The compositions of the invention combine the aqueous soluble salt composition with a surfactant composition. The surfactant composition is an anionic, amphoteric or nonionic surfactant and mixtures thereof. Preferred mixtures are anionic and amphoteric surfactants. These surfactants are easily blended in solid form with the inorganic salt composition or in an aqueous dispersion to form a substantially uniform material. The surfactants aid in wetting the surface of the food preparation unit and participate in forming the barrier coating which can support substantial quantities of proteinaceous or fatty soils.
The aqueous cleaning compositions of the invention contains an organic surfactant composition. Anionic, nonionic or amphoteric surfactants can be used. Anionic materials that can be used in the compositions of the invention are surfactants containing a large lipophilic moiety and a strong anionic group. Such anionic surfactants contain typically anionic groups selected from the group consisting of sulfonic, sulfuric or phosphoric, phosphonic or carboxylic acid groups which when neutralized will yield sulfonate, sulfate, phosphonate, or carboxylate with a cation thereof preferably being selected from the group consisting of an alkali metal, ammonium, alkanol amine such as sodium, ammonium or triethanolamine. Examples of operative anionic sulfonate or sulfate surfactants include alkylbenzene sulfonates, sodium xylene sulfonates, sodium dodecylbenzene sulfonates, sodium linear tridecylbenzene sulfonates, potassium octyldecylbenzene sulfonates, sodium lauryl sulfate, potassium lauryl sulfate, ammonium lauryl sulfate, sodium palmityl sulfate, sodium cocoalkyl sulfate, sodium olefin sulfonate.
Other operative anionic surfactants for the present invention are the fatty carboxylic acid soaps commonly made by saponifying natural fats with inorganic base such as sodium or potassium hydroxide or can be made by neutralizing or partially neutralizing free fatty acids with alkali metal bases such as sodium hydroxide or potassium hydroxide or with an organic base such as an alkanolamine, e.g., triethanolamine. The saturated and unsaturated fatty acid materials or blends thereof used in the invention can comprise a C6-24 fatty acid or mixtures thereof. Examples of such acids include caproic (C6), caprylic (C8), capric (C10), lauric (C12), myristic (C14), palmitic (C16), stearic (C18), eicosanoic (C20), docosanoic (C22) , tetracosanoic (C24), and mixtures thereof. Preferred acids include coconut fatty acid and oleic acid or a mixture thereof.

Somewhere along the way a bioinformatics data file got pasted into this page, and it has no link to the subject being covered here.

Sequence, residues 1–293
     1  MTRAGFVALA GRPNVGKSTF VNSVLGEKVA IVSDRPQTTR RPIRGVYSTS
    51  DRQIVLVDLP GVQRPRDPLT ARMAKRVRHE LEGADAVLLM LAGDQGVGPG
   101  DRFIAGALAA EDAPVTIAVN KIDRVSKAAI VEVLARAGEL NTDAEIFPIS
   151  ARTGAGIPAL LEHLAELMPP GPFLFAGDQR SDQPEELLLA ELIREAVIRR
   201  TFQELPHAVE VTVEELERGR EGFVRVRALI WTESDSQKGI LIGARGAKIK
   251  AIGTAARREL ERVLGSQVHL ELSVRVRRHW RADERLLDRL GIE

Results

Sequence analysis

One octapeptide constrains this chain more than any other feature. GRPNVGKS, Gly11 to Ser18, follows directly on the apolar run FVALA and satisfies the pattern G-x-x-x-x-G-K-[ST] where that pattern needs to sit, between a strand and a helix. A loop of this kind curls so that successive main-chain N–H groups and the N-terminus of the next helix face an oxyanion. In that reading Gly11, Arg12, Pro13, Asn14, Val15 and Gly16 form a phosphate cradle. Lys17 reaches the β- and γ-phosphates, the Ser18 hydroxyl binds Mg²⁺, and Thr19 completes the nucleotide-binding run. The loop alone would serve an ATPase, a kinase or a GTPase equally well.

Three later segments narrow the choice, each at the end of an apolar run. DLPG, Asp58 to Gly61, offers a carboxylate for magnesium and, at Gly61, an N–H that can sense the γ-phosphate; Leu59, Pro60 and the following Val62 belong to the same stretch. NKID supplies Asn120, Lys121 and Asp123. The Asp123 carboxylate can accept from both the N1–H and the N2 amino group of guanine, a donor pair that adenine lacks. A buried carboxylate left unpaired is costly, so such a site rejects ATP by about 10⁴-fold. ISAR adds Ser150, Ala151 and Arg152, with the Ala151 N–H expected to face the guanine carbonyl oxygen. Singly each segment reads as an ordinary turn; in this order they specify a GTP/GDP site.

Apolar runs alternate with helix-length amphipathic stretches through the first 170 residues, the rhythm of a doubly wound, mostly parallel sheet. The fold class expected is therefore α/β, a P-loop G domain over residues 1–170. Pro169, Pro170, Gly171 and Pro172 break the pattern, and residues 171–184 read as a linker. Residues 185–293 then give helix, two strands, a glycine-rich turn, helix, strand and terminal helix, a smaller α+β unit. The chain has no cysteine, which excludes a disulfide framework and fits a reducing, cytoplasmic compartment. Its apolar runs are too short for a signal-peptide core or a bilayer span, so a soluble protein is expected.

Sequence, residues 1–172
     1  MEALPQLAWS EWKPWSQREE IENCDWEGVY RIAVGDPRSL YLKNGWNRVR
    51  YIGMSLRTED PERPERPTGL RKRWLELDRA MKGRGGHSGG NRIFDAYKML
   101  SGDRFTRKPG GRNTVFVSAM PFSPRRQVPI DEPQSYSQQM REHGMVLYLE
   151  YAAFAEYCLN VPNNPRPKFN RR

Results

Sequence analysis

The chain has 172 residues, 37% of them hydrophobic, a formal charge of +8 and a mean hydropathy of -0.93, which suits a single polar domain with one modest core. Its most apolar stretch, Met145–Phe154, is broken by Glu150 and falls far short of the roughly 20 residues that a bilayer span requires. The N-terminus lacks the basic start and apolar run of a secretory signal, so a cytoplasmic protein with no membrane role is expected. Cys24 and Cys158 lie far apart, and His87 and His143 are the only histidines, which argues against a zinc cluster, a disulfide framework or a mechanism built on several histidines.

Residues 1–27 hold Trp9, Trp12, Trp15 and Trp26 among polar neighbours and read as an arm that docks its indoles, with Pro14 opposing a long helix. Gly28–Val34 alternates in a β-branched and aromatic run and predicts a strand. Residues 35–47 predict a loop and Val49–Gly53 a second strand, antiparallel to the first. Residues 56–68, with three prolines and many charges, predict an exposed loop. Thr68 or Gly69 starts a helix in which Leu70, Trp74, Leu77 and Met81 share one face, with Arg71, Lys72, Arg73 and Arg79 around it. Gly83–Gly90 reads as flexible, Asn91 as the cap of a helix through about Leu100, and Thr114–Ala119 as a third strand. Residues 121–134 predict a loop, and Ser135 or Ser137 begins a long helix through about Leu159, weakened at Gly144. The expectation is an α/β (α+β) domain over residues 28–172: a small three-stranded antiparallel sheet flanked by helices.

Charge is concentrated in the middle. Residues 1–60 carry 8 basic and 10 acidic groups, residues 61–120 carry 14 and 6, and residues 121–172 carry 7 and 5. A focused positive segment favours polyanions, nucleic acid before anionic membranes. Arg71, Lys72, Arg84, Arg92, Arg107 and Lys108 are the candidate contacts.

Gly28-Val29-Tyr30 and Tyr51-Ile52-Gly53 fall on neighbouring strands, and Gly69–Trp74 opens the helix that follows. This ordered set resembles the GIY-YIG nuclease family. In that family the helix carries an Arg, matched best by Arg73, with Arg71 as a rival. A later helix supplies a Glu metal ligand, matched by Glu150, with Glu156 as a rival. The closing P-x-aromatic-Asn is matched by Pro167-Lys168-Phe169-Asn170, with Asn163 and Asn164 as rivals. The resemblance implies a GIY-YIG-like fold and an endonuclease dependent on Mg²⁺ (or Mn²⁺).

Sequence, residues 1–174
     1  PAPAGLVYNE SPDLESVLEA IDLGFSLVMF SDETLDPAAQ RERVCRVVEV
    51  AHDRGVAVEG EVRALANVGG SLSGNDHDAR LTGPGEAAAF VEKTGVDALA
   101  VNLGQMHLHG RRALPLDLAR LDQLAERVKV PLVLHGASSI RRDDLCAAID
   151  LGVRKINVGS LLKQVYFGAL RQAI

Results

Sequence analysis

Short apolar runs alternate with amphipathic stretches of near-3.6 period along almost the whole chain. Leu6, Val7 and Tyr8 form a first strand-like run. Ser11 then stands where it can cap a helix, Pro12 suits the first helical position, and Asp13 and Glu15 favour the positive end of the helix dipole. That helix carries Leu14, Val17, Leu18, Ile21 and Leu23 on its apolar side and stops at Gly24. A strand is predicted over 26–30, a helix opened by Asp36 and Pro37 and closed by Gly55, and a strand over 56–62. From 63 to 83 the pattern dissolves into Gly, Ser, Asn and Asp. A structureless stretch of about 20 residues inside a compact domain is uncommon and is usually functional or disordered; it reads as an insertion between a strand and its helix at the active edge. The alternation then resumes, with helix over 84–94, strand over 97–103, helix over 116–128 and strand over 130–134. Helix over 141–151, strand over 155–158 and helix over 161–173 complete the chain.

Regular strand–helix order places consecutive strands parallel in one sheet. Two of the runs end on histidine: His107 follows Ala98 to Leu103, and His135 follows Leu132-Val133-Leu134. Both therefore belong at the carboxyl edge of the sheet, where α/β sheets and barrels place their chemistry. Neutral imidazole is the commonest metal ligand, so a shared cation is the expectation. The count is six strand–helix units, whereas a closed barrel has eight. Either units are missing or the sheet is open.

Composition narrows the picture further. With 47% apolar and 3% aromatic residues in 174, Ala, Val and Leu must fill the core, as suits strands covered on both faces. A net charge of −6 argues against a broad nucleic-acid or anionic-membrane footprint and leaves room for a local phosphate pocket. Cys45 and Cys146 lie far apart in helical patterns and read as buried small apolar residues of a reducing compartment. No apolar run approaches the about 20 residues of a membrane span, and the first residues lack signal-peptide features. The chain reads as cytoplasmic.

Amphoteric surfactants are also useful in the invention. Amphoteric surfactants contain both an acidic and a basic hydrophilic moiety in the structure. These ionic functions may be any of the ionic or cationic groups that have just been described previously in the sections relating to anionic or cationic surfactants. Briefly, anionic groups include carboxylate, sulfate, sulfonate, phosphonate, etc. while the cationic groups typically comprise compounds having amine nitrogens. Many amphoteric surfactants also contain ether oxides or hydroxyl groups that strengthen their hydrophilic tendency. Preferred amphoteric surfactants of this invention comprise surfactants that have a cationic amino group combined with an anionic carboxylate or sulfonate group. Examples of useful amphoteric surfactants include the sulfobetaines, N-coco-3,3-aminopropionic acid and its sodium salt, n-tallow-3-amino-dipropionate disodium salt, sodium laurimino dipropionate, 1,1-bis(carboxymethyl)-2-undecyl-2-imidazolinium hydroxide disodium salt, cocoaminobutyric acid, cocoaminopropionic acid, cocoamidocarboxy glycinate, and cocobetaine. Preferred amphoteric surfactants for use in the compositions of the invention include cocoamidopropylbetaine, cocoaminoethylbetaine and sodium lauriminodipropionate.
Also useful as active surfactants in the present invention are nonionic surfactants. Nonionic surfactants carry no discrete charge when dissolved in aqueous media. Hydrophilicity of the nonionic is provided by hydrogen bonding with water molecules. Such nonionic surfactants typically comprise molecules containing large segments of a polyoxyethylene group in conjunction with a hydrophobic moiety or a compound comprising a polyoxypropylene and polyoxyethylene segment. Polyoxyethylene surfactants are commonly manufactured through base catalyzed ethoxylation of aliphatic alcohols, alkyl phenols and fatty acids. Polyoxyethylene block copolymers typically comprise molecules having large segments of ethylene oxide coupled with large segments of propylene oxide. Examples of nonionics useful in the present invention are ethylene oxide/propylene oxide block copolymers, glycerol esters, polyoxy-ethylene glycerol esters, polyglycerol esters, sorbitan esters, polyoxyethylene sorbitan esters, sucrose esters, and polyethylene ethers.